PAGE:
Terry tackles town’s growing graffiti problem

5th December

A Heathfield man has been praised by local residents for taking the town’s graffiti problem into his own hands.

Terry Hazeltine with the clean door
Local hero and graffiti removal specialist Terry Hazeltine with the clean church door

Terry Hazeltine, who moved to Heathfield 16 years ago from South London, was so incensed when he saw the photos on the Heathfield News Facebook page that he vowed to do something.

He explains: “When I heard about the graffiti I felt angry and disappointed and a bit sad that this type of vandalism was happening in my home town. In places like London you sort of expect it, but I’ve never seen it on this scale in all the years I’ve lived here.  If you leave graffiti it will get added to and I hope by getting rid of it quickly the culprits will think it’s not worth bothering.”

The father of three spent many hours of his spare time cleaning off the graffiti. The worst piece was on the metal doors belonging to Kings Church off Station Road which needed cleaning with a high-pressure steam cleaner, and took about 45 minutes to remove. On the brick work he used paint stripper, specialist chemicals and scouring pads – plus a lot of elbow grease. On rare occasions, he says, you simply have to paint over the graffiti.

Terry has around 35 years’ experience of removing graffiti for different customers, mainly in London, so is an expert in his field.

According to Terry the culprits tend to do their work at night so it is difficult to catch them. He thinks boredom is the main reason people do it, but feels there should be more respect for other people’s property and that a greater police presence, especially at the weekend, would help to stop it happening again.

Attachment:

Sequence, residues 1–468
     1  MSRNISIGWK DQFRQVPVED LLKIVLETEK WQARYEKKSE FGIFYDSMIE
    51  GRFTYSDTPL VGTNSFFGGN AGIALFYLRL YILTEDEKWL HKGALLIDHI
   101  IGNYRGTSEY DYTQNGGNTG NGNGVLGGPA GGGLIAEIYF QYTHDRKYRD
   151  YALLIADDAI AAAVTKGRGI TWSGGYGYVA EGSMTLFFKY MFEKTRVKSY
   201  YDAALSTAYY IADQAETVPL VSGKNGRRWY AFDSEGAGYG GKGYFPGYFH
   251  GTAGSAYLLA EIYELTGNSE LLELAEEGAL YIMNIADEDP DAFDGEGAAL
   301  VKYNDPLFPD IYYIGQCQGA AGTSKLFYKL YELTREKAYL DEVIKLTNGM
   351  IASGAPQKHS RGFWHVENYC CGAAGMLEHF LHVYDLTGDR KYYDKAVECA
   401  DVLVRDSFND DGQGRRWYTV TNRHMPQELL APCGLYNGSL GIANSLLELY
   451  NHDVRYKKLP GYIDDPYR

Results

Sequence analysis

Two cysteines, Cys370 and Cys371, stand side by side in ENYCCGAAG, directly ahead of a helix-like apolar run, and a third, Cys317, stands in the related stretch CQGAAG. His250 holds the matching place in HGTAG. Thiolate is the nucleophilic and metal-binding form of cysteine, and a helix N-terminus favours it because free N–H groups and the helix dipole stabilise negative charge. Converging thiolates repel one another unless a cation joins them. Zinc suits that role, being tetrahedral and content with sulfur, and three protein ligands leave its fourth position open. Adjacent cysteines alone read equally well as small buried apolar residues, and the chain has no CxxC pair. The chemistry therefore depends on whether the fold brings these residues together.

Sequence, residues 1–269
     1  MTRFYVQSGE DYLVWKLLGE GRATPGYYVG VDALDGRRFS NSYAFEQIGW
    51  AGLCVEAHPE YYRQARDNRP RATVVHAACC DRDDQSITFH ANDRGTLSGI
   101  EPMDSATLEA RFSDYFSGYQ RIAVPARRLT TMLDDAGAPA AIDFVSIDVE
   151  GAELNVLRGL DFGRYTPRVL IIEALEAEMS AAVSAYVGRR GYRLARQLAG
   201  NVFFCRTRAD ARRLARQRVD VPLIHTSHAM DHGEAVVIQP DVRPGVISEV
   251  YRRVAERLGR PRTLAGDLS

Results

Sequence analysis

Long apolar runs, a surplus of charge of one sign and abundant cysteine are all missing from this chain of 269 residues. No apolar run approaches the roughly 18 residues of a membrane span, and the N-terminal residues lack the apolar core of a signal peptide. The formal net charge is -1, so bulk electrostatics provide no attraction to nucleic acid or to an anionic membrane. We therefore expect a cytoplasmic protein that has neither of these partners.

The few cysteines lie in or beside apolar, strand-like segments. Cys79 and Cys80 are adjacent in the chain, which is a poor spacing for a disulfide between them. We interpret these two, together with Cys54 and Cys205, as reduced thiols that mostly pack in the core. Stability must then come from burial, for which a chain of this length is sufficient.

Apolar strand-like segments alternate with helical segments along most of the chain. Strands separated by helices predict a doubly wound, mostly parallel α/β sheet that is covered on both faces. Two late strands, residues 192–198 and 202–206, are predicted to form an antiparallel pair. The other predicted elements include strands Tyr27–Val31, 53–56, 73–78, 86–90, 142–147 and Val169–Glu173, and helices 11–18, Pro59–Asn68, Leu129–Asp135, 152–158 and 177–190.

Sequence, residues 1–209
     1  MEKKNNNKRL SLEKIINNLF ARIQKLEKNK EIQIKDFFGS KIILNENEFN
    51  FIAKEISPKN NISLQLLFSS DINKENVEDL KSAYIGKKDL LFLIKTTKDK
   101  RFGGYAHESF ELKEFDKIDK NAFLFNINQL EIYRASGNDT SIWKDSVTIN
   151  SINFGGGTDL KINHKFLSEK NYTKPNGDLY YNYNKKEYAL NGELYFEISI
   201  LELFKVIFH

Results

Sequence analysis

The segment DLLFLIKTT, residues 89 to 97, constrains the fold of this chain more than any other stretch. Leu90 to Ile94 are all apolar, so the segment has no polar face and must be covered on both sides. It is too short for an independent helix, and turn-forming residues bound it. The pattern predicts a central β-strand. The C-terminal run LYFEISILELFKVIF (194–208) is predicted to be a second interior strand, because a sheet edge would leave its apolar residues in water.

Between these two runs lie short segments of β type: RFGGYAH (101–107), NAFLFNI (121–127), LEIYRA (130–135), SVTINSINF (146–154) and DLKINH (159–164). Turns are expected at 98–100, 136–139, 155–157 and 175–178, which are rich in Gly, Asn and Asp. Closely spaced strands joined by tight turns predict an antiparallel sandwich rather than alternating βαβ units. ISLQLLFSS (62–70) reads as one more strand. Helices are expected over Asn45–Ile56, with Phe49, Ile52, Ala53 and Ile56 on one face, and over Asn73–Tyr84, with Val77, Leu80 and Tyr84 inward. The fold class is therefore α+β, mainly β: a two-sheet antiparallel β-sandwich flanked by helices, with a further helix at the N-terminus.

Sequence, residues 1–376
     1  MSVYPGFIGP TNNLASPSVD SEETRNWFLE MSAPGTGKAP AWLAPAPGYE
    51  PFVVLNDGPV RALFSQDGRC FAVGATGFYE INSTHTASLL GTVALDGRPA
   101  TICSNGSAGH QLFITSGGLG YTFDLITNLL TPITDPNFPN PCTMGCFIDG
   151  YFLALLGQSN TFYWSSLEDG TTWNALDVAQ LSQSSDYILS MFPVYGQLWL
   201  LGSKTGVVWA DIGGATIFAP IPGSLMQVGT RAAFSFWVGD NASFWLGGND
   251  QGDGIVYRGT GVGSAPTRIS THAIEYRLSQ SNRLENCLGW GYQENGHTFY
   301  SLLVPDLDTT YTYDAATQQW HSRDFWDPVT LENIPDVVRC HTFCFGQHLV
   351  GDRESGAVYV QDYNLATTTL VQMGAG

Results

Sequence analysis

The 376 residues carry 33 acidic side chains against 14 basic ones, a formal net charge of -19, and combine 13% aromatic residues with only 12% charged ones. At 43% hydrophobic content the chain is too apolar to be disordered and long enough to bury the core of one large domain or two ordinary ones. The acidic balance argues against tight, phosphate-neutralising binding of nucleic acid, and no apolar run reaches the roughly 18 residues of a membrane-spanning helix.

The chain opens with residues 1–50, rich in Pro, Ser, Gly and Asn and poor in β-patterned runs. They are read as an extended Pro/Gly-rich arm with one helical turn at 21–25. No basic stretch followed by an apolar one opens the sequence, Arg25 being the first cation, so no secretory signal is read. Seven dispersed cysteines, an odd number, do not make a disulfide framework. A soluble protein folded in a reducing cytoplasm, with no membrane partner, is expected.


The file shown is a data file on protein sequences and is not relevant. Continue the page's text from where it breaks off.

According to the Sussex Police Federation. Sussex Police had to deliver cuts worth £56 million between 2015 and 2020 which has resulted in fewer police officers in the county.

Terry, whose children went to Broad Oak Primary School and Heathfield Community College, thinks people are too eager to blame the government for everything rather than taking responsibility for their own children.

“There are lots of clubs and other things for children to do so there’s no excuse. Removing graffiti is costly and if I hadn’t done it the council would have had to pay someone and it probably wouldn’t have been removed very quickly. Personally, if my children did anything like that, god forbid, they would have to work to pay me back.

“The reason I wanted to help is because I really believe this is a great town and I love our community. There are some great organisations like Horam FC, Heathfield Park Cricket Club the Rugby Club and many others which are great for kids. Lots of people give up their time for these clubs so, for me, it felt good to give something back as well,” he added.

Terry admits that he has been completely overwhelmed by the response to what he’s done and the many comments from appreciative people.

He’s been offered a free haircut from Woody the Barber, a bottle of malt cider and lots of beer. “I’ve said no to it all – I’m doing this for the community and it’s great to be able to use my skills to help. There aren’t many people with my experience to be honest.”

Neighbour Kat Porter said: “I didn’t realise there was so much graffiti in the town until I saw the photos. No one asked Terry to do it – he just did it. We are all very proud of him. My friends and I all thought it was brilliant. People often complain about things but don’t do anything about them.”

A spokesperson for Sussex Police said: “We are addressing the problem of anti-social behaviour in the Wealden area as part of Operation Asteroid. Officers are conducting patrols with the specific focus of providing a reassuring presence to the local communities and to be on hand to tackle issues of anti-social behaviour. They have been tasked with patrolling areas identified through information and intelligence gained from the community.”